EA Sports Active NFL Training Camp:
I got my first look at this yesterday and I have to say, this is officially the title I’m most looking forward to. It uses the same new controllers as EA Sports Active, but the whole game is centered around an NFL theme. It takes you through actual workouts designed by NFL strength and conditioning coaches. There are running drills, blocking drills, passing drills, and lots more. And while there are some exercises that are just repetitions of motions, there are others that do combine some really fun skills (in the game below, you need to timing the pass of your football perfectly to the on-screen cues, and you need to constantly move your feet to avoid getting “sacked”).
Another very cool feature of NFL Training Camp is that EA Sports took the assets of the Madden Football game they developed and incorporated it into this game. So you can choose your favorite NFL player to virtually work out alongside you. And exercise becomes a blast with two players, as they can compete with each other (EA mentioned to me that they asked NFL trainers what motivated their players in their training, and by far the #1 motivation was competition).
My thanks to Matt and Justin at EA for the sneak peek (I think that was their names–my Blackberry crashed, so I wrote this all from memory). I am definitely looking forward to both. Both EA Sports Active 2 and EA Sports Active NFL Training Camp ship in November. These are going to be hot, so order yours early!
Just Dance 2 is the long-awaited sequel to Just Dance, the game that introduced “real dance moves” to video games is coming next week.
Amazon has a pretty neat set of specials that come when you order the game. Order now and you’ll get:
Delivery on October 12 (the day of release) for a nominal fee.
$10 to spend on a future video game purchase
Just Dance 2 sunglasses. Yeah, they’re chintzy, but that’s how you have to dress when you play this game
The first line in their marketing claims that they’ve improved motion tracking accuracy, which of course was my biggest beef with the first version. Of course, I’ll be trying it out and I’ll let you know exactly what I think of it.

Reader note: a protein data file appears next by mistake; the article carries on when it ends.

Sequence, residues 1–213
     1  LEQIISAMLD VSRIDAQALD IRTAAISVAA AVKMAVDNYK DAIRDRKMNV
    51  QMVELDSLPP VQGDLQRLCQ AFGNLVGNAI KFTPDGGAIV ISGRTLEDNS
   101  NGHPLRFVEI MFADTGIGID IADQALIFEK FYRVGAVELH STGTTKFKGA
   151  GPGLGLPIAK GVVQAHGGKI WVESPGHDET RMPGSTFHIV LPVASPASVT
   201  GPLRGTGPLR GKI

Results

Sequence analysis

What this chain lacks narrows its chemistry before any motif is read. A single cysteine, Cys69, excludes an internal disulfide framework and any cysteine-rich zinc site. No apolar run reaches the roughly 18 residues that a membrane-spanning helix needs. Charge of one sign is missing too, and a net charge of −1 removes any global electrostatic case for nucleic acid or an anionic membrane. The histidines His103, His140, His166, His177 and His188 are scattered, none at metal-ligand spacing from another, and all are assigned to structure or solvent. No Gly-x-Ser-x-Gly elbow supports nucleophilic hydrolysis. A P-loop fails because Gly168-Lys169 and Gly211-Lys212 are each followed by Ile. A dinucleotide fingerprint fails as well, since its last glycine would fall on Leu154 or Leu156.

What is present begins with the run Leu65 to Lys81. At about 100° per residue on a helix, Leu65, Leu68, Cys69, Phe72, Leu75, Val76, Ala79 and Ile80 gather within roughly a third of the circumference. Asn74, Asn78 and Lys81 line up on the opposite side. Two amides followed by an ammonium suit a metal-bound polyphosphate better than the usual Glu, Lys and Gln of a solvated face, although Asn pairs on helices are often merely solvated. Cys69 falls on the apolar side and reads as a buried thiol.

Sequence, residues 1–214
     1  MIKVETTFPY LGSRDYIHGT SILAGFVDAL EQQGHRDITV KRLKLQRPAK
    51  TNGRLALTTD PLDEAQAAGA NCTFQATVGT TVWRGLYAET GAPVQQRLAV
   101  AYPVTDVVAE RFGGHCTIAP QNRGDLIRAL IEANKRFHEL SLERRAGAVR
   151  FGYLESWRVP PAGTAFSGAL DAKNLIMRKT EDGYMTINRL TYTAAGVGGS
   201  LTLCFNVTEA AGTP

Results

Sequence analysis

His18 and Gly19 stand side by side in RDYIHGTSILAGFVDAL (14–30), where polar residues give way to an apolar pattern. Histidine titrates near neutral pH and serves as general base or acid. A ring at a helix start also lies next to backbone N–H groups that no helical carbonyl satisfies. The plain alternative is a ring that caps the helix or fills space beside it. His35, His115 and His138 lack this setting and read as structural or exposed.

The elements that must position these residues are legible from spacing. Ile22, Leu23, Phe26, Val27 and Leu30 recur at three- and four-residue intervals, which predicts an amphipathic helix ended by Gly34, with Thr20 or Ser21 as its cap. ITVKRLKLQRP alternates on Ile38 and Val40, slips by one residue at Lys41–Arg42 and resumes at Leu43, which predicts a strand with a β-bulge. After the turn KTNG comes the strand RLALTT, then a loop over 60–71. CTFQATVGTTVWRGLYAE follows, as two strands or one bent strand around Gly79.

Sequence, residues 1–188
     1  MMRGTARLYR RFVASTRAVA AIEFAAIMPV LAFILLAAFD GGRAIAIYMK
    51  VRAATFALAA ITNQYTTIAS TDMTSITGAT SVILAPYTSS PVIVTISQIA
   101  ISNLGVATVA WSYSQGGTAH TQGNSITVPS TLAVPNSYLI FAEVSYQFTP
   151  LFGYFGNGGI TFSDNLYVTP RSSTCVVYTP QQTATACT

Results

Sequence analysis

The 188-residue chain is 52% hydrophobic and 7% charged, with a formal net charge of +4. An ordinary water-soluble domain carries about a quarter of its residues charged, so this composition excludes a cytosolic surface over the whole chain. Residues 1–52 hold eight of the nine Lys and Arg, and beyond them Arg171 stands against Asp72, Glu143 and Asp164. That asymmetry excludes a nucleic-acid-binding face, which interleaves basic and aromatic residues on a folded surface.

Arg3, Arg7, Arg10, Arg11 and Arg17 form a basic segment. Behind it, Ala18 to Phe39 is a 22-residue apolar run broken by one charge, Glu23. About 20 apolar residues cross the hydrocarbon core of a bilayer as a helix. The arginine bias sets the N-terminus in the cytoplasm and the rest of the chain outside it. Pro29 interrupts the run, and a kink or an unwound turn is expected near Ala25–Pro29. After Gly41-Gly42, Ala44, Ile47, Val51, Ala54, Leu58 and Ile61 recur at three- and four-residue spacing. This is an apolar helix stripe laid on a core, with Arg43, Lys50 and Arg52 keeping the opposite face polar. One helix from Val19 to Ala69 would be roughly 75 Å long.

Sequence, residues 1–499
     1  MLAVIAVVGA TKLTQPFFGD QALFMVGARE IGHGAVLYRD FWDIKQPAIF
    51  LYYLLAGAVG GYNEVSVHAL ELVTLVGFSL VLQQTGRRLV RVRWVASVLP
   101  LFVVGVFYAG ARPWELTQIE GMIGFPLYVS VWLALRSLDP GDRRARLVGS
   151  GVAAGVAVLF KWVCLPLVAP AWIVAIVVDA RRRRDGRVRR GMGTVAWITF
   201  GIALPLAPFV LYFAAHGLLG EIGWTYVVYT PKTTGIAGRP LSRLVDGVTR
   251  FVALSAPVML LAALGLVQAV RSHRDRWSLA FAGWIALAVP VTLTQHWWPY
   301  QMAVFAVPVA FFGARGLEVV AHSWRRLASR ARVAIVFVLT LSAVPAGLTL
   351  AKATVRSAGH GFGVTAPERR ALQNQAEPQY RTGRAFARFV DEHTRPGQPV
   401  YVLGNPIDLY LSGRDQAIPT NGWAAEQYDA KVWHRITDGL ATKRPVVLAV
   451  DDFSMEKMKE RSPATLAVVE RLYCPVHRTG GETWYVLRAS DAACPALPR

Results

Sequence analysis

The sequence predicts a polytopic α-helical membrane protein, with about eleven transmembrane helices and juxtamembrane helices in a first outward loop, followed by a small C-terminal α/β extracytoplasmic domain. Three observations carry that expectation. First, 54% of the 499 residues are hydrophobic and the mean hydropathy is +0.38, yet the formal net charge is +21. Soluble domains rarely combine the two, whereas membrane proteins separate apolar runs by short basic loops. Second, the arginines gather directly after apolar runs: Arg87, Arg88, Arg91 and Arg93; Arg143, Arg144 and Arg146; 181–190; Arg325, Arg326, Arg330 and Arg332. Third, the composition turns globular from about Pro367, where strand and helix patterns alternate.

For a limited time, Amazon is holding a special for people with an Amazon Visa Card. Buy any Amazon Gift Certificate (up to a total of $2000), and Amazon will give you 5% back. This is in addition to the 3 points (3%) you get from using the Visa card!
You can buy them to give away, but personally, I’m going to buy some for myself–you can think of it as getting an instant 8% discount off anything you buy at Amazon–a great deal considering that you’ll be hard pressed in the next few weeks to find any sales for the Playstation Move given how new it is.
If you look at the right side of the page, you’ll see all the upcoming games for the Playstation Move which you’ll be able to use for a workout. If the past is any indication, Amazon’s sure to have some special promotions for the Playstation Move and its new games as the holidays approach, all of which will be good with the gift cards you buy now.
If you happen to have an Amazon Visa Card, here’s a deal that you might want to jump on. Buy any Amazon Gift Certificate (up to a total of $2000), and Amazon will give you 5% back. This is in addition to the 3 points (3%) you get from using the Visa card!
You can buy them as gifts, but of course you can also buy them for yourself–it’s like getting an instant 8% discount off anything you buy at Amazon. Plus, Amazon’s sure to have some special promotions as the holidays approach which of course you’ll be able to pay for with your gift cards.